Although to Jill the adoption seems slow, to me it seems faster than the mainland. Small businesses are making effective use of Foursquare to drive offers and highlight events. Twitter is used to connect with customer on a hyper-local level to raise awareness around services and goings-on with the brand or resort property. The Honua Kai, for example, leverages their @HonuaKai handle to broadly converse about the resort and share information, and they manage a concierge only handle (@HKConcierge) to raise awareness around concierge services, share local events, and connect with guests one-on-one. This is quite a nifty idea and I wish others would adopt this hyper-local approach. Honua Kai’s marketing manager, Darren McDaniel, is doing a great job curating not only “traditional” kinds of hotel-related content but is also curating the stories of guests, and connecting the online experience with real life.

Jill believes that local brands in Hawaii are still experimenting and there is room for greater engagement. I fully agree. But I am also excited by the spirit of experimentation and not having pre-set ideas about how Social Marketing can drive loyalty. After all, the best sales person is the one that is not working for you; she is the advocate—the one whom others trust to give them the unadulterated skinny.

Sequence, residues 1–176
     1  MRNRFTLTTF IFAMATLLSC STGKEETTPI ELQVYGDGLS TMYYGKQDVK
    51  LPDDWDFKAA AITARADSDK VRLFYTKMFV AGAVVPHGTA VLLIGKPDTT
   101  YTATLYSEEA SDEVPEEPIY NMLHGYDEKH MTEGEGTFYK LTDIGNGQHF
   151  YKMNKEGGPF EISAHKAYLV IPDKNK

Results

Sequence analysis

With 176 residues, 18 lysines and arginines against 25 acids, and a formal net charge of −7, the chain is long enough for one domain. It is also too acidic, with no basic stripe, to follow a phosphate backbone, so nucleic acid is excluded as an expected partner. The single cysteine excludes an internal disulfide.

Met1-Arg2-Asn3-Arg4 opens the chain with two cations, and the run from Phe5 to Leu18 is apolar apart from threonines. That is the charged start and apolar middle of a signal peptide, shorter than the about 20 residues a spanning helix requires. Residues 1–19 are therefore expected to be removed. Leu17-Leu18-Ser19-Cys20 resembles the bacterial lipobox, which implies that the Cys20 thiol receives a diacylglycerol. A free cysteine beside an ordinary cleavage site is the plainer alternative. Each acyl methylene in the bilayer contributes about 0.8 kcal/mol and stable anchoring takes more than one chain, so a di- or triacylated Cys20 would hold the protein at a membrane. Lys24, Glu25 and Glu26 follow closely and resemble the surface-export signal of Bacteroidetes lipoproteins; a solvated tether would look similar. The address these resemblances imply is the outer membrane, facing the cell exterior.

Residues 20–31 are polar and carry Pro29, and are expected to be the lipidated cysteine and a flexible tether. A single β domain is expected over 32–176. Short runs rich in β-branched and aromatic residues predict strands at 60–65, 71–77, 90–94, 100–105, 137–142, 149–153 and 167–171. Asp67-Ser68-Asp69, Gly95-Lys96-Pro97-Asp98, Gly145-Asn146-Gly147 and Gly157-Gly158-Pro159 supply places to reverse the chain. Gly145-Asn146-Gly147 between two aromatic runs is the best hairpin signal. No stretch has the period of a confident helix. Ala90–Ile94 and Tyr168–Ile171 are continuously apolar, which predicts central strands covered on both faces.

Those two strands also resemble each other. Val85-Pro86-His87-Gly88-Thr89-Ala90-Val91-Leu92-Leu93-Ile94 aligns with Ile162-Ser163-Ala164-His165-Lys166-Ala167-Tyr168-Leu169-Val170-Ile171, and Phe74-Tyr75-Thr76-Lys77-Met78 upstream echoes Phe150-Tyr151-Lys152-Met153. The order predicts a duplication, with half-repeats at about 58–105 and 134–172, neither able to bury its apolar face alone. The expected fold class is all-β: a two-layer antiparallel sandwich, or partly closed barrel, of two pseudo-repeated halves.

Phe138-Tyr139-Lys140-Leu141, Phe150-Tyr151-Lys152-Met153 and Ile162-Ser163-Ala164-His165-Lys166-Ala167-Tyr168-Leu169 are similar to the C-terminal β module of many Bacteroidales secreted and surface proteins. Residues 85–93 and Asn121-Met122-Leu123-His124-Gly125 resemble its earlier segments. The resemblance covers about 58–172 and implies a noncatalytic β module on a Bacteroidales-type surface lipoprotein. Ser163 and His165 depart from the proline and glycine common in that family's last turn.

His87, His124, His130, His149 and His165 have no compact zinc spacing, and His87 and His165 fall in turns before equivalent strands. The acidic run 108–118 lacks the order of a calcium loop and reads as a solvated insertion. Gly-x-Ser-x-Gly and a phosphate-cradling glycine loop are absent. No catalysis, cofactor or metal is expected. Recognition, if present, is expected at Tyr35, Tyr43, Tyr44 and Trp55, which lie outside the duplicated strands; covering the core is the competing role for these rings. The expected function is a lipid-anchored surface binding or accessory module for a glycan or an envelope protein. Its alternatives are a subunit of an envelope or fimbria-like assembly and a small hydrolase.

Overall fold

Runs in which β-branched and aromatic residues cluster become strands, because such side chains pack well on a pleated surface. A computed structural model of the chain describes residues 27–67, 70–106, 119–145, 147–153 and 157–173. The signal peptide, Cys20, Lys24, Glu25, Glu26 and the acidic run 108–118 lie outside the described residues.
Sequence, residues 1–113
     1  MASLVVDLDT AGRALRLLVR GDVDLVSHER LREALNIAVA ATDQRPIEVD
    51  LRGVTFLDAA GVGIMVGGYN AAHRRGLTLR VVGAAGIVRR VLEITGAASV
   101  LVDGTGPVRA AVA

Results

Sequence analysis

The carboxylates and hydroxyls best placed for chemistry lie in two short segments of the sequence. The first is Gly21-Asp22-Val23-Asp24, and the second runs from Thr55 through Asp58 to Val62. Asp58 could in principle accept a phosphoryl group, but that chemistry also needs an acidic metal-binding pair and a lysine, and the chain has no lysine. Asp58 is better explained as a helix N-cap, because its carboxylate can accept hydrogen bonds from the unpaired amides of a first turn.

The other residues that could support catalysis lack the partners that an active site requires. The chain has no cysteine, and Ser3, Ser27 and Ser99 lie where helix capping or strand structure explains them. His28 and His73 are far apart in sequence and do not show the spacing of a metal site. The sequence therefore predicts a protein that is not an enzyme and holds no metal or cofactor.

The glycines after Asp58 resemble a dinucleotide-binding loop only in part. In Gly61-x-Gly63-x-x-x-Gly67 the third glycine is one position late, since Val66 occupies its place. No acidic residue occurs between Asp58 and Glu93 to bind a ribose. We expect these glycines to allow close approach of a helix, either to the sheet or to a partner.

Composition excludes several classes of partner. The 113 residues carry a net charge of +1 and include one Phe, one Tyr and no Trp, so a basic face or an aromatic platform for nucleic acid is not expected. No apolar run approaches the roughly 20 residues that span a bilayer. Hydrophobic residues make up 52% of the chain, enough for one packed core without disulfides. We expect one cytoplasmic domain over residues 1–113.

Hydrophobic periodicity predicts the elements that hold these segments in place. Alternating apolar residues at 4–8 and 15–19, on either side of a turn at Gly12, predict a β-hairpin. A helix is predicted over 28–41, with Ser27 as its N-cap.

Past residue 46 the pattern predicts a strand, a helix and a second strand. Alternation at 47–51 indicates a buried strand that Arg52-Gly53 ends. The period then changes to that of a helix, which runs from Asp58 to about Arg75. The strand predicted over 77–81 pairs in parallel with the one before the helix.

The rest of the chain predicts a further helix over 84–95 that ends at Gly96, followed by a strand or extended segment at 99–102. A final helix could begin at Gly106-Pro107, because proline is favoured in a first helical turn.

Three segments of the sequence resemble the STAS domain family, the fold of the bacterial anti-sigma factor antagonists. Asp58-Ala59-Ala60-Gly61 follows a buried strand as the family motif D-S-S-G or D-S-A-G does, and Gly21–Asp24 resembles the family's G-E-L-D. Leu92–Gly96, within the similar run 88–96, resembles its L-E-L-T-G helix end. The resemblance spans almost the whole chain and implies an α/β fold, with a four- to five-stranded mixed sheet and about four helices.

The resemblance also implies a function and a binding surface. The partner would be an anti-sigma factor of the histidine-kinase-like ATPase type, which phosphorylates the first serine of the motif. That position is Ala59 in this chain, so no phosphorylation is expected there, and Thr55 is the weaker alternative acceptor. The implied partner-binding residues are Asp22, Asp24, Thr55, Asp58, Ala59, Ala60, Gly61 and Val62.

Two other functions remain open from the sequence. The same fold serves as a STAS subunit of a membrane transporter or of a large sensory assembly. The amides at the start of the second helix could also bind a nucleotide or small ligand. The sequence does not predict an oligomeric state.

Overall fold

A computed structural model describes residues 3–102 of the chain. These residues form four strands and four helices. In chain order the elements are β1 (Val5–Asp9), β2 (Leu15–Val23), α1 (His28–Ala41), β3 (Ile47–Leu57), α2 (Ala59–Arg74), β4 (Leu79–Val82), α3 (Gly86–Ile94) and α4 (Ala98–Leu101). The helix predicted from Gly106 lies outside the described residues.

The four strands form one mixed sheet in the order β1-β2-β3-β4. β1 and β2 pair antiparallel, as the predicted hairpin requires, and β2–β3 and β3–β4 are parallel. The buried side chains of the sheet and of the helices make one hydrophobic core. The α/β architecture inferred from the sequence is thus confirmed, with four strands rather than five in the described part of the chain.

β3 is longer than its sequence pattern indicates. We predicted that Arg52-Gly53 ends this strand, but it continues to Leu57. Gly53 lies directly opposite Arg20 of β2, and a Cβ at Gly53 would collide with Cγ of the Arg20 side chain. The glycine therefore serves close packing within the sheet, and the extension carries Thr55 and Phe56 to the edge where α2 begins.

I like what Jill had to say about taking the brand breaking the fourth wall to connect in the real world and drive unique experiences that foster loyalty and advocacy. Perhaps it’s the fact that in Hawaii the spirit of ohana (family, in an extended sense of the term) allows the opportunity to take a simple 140 character message and make a connection on a human level.

Wouldn’t be cool if we could all get together next year for a Social Marketing conference on Maui? Let me or @JillzBeanz know.

Full disclosure: my wife and I stay at the Honua Kai and actively compete on becoming the mayor on Foursquare the moment we land.

Some interesting handles to follow in no particular order:

Aloha and Maui No Ka Oi

3 Basic Ingredients

Recently I’ve had the pleasure of meeting several early stage business founders. Each of them have amazing passion for the ideas they are growing, conviction about the market segment they are impacting, and are full of energy. The one thing I found surprising was how a couple of them did not realize the value of establishing a digital footprint.